In Ian Vasquez’ Lonesome Point, we meet brothers Leo and Patrick Varela. They grew up in Belize, but moved to Miami. Now, Patrick has a very promising career in local law and politics. He’s even being spoken of as a very good choice for the next mayor of Miami, with all sorts of possibilities after that. Leo is a poet, who also works at Jefferson Memorial, a mental hospital. He doesn’t travel in his brother’s circles, but they do have their past in common. And it comes back to haunt them. One day, Leo gets a visit from Freddy Robinson, whom he knew in Belize. Freddy’s now working for some ‘associates’ who want Leo to release one of the patients, Herman Massani. It seems that Massani has some information on voter fraud in the Miami-Dade County area. If that information is accurate, it implicates Patrick. At first, Leo doesn’t want anything to do with Freddy, who’s become a convicted felon. But Freddy insists, and reminds Leo that he knows about some dark things that happened in the Varela brothers’ past. Leo’s tried his best to move beyond Belize, but now, it seems that Freddy won’t let that happen. When Leo contacts his brother, Patrick wants to wait and see what will happen. But things soon begin to spin out of control for both brothers, and it’s clear that they won’t be easily allowed to get past what happened when they were younger.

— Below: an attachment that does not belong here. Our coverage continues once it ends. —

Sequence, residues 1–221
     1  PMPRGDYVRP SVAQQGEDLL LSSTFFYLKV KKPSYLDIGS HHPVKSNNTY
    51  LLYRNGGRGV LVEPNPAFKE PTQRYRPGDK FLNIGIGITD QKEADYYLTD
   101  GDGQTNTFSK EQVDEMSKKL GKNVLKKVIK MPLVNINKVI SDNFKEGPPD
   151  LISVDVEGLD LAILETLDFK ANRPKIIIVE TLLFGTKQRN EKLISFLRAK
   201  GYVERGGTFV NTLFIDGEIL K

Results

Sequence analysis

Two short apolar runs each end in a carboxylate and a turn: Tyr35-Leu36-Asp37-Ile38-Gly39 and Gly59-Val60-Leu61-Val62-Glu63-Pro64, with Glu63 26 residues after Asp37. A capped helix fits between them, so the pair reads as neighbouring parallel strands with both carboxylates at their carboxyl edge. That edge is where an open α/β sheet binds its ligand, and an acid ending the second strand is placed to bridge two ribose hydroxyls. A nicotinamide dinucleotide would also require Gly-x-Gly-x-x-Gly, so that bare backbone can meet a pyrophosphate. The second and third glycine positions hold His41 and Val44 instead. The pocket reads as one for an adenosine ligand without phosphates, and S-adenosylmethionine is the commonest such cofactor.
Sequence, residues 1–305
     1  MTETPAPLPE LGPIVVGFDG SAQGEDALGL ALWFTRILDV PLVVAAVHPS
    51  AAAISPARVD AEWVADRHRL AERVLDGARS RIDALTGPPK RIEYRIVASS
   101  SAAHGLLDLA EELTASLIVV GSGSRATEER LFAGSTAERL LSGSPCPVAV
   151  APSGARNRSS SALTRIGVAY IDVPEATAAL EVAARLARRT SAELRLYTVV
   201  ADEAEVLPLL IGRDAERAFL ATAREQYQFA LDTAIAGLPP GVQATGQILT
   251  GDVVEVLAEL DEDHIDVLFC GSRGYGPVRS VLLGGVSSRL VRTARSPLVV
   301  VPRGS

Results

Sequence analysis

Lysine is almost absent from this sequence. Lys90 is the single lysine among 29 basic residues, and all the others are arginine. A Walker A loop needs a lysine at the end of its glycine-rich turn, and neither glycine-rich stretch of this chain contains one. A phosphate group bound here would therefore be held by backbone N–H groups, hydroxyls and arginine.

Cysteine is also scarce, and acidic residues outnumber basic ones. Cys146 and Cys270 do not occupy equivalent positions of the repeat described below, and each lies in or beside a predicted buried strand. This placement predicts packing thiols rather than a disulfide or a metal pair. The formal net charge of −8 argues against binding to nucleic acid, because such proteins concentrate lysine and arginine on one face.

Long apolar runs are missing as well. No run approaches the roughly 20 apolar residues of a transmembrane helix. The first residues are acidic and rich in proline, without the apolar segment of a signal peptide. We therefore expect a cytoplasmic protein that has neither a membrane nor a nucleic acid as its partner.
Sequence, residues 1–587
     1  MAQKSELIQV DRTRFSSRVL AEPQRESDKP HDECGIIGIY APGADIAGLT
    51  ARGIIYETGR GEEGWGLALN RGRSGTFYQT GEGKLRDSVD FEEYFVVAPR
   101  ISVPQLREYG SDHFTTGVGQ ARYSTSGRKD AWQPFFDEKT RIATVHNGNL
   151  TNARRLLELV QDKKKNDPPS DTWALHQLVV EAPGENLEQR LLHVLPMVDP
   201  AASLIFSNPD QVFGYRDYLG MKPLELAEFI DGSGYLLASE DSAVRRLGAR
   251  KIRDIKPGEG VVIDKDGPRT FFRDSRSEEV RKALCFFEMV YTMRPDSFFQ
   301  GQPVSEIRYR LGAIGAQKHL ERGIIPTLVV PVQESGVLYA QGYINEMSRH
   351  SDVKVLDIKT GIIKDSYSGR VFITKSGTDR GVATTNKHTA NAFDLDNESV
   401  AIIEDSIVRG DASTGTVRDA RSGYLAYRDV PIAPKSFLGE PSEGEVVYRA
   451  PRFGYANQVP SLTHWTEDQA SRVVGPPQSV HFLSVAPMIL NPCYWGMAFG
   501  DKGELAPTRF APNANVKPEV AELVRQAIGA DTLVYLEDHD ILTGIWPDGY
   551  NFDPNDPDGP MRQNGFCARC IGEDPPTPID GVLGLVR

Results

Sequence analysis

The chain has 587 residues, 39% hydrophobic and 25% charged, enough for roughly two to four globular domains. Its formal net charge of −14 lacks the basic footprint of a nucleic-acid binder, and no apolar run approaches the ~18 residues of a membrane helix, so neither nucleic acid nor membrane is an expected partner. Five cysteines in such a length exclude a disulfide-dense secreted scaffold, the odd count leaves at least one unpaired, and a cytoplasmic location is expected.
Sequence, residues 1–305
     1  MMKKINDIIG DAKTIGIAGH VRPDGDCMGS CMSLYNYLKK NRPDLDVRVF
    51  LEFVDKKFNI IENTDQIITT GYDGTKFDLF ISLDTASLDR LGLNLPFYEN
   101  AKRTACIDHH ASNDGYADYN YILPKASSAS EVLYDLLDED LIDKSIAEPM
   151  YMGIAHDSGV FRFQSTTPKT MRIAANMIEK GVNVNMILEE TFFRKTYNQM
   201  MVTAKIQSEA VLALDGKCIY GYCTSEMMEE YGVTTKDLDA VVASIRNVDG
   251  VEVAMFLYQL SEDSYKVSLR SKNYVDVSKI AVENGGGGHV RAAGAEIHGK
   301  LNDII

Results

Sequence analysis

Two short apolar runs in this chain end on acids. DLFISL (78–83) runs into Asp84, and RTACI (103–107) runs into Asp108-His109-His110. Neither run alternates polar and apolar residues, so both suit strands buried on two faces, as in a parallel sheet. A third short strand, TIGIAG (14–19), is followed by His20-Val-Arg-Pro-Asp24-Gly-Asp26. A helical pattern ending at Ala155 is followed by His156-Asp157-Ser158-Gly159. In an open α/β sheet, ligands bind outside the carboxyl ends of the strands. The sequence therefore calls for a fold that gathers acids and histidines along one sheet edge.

In Kishwar Desai’s Witness the Night, social worker Simran Singh returns to her home town of Jullundur, in the state of Punjab. She’s been living and working in Delhi, which suits her. But, when an old university friend asks for her help in a case, she finds it impossible to refuse. It seems that a horrible tragedy has occurred at the home of the wealthy Atwals. Thirteen members of the family have been poisoned, and some stabbed. What’s more, someone set fire to the house. The only survivor is fourteen-year-old Durga Atwal. The evidence isn’t clear on whether she was responsible for what happened, or was a victim who managed to survive. Durga herself has said nearly nothing about that night, so the police don’t know how to proceed with her (or the investigation). It’s hoped that if Simran works with the girl, she can get her to open up and talk about what happened. In one of the sub-plots of the novel, Simran faces the challenge of people who want to see her only as the girl she was, and not as the skilled, educated professional she is now. That proves to be a real stumbling block for her, although she does find out the truth about the Atwal case.